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Schutte-Lanz Dr.I

Imperial Germany (1918)

Detailing the development and operational history of the Schutte-Lanz Dr.I Triplane Fighter Protoype.

 Entry last updated on 11/6/2017; Authored by Staff Writer; Content ©

  Schutte-Lanz Dr.I  
Picture of Schutte-Lanz Dr.I Triplane Fighter Protoype

The Schutte-Lanz Dr.I triplane fighter failed to impress in the D-type competition of May-June 1918 - one flyable prototype was built.

With the emergence of "triplane" fighters as viable fighting during 1917, many companies attempted such aircraft designs during World War 1 (1914-1918). A triplane wing arrangement offered inherently strong handling and lifting properties (at the expense of added drag and vision out-of-the-cockpit) which were sought after qualities by pilots caught up in close-in dogfighting where out-turning an opponent meant the difference between life and death. The German concern of Schutte-Lanz, who had been attempting to sell the German Air Service on fighter designs since earlier in the war, moved on the trend established by the British Sopwith Triplane by developing the Schutte-Lanz Dr.I triplane fighter.

At its core, the Dr.I was an offshoot of the earlier D.III biplane fighter attempt (detailed elsewhere on this site) save for the wing arrangement and a relocated tailskid. It retained the fuselage, undercarriage and tail section of its forerunner which accelerated development work considerably. The wings differed some in offering less surface area - an extra pair of wings was sandwiched between the upper and lower appendages and were joined both at the fuselage and at the N-strut support members. An interesting design note regarding the wings was the staggered placement of the lower-most appendage, this just slightly aft of the upper two planes - this quality believed to have improved downward vision for the pilot.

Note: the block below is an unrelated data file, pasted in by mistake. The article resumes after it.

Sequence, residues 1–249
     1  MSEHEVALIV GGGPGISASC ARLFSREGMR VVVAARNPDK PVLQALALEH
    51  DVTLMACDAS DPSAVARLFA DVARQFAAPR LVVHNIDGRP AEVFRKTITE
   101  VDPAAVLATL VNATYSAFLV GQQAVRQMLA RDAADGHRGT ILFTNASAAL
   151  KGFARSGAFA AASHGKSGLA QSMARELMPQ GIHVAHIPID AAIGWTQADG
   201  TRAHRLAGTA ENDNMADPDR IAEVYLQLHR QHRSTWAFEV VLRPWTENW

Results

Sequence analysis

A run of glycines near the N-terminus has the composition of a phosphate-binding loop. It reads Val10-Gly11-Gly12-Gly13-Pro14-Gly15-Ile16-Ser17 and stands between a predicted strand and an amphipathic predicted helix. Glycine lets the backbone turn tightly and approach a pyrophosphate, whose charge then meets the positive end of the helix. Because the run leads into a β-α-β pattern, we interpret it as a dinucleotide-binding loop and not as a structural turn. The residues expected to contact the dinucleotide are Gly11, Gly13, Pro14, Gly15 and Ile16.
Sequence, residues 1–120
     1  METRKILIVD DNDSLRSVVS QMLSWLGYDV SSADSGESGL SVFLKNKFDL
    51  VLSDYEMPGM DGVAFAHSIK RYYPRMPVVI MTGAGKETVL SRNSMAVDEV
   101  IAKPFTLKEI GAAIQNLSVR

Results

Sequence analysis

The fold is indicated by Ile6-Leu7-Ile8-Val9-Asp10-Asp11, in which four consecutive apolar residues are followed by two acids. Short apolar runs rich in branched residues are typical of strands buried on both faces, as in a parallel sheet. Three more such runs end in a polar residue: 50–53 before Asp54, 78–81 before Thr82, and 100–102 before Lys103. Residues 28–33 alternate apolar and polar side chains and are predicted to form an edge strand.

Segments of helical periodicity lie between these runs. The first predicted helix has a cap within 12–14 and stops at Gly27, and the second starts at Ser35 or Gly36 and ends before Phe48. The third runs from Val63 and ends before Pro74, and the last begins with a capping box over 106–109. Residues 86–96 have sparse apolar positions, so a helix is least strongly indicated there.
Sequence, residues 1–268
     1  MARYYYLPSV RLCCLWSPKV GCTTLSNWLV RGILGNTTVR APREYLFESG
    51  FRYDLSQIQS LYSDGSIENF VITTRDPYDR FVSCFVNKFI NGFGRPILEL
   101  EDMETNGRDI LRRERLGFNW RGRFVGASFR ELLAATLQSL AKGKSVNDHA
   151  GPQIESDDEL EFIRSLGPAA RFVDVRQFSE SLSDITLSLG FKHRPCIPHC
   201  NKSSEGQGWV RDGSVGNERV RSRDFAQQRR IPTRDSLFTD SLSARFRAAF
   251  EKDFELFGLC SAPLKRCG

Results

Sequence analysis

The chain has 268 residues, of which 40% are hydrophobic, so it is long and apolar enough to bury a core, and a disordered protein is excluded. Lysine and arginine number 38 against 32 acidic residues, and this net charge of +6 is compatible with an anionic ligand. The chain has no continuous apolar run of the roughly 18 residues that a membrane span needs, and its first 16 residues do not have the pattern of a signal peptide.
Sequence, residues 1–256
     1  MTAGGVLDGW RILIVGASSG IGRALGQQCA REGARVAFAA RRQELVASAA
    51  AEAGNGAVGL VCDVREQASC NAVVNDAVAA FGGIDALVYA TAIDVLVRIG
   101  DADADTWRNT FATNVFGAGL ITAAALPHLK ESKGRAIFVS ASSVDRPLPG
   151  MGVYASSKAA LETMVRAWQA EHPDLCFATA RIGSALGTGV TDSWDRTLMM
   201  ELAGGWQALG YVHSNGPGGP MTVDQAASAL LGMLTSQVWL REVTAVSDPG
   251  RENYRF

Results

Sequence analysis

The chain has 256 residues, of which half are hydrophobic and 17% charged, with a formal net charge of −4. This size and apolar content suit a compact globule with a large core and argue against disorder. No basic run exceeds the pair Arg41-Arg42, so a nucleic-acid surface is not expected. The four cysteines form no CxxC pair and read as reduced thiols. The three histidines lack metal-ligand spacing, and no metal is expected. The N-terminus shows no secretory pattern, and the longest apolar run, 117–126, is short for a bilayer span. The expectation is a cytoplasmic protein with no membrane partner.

Power to the aircraft was from a Mercedes D.III six-cylinder inline liquid-cooled engine of 160 horsepower. This drove a two-bladed wooden propeller at the nose.

Armament would consist of the standard arrangement of 2 x 7.92mm LMG 08/15 series machine guns. These were set over the nose and synchronized to fire through the spinning propeller blades.

The Dr.I was Schutte-Lanz's contribution to the second D-type competition that followed the first of early-1918. The second meeting was held from late-May to late-June that same year. However, the Dr.I failed to impress and the ultimately design fell to the pages of aviation history as a result. The age of the triplane had also ended with air services reverting back to tried-and-true biplane fighter types for the time being.
Schutte-Lanz Dr.I Specifications
National Flag Graphic
Imperial Germany
Year: 1918
Status: Retired, Out-of-Service
Type: Triplane Fighter Protoype
Manufacturer(s): Schutte-Lanz - German Empire
Production: 1
Supported Mission Types
Ground Attack
Close-Air Support
Airborne Early Warning
Electronic Warfare
Aerial Tanker
Passenger Industry
VIP Travel
Business Travel
Special Forces
Crew: 1
Length: 20.51 ft (6.25 m)
Width: 26.28 ft (8.01 m)
Height: 9.84 ft (3.00 m)
Empty Weight: 1,653 lb (750 kg)
MTOW: 1,984 lb (900 kg)

Installed Power
1 x Mercedes D.III 6-cylinder liquid-cooled inline piston engine developing 160 horsepower and driving two-bladed propeller unit at the nose.

Standard Day Performance
Maximum Speed: 115 mph (185 kph; 100 kts)
Maximum Range: 283 mi (455 km; 246 nm)
Service Ceiling: 19,685 ft (6,000 m; 3.73 mi)
Rate-of-Climb: 1,000 ft/min (305 m/min)

2 x 7.92mm LMG 08/15 machine guns set over the nose and synchronized to fire through the spinning propeller blades.

Operators List
Imperial Germany (cancelled)

Series Model Variants
• Dr.I - Base Series Designation; single prototype completed.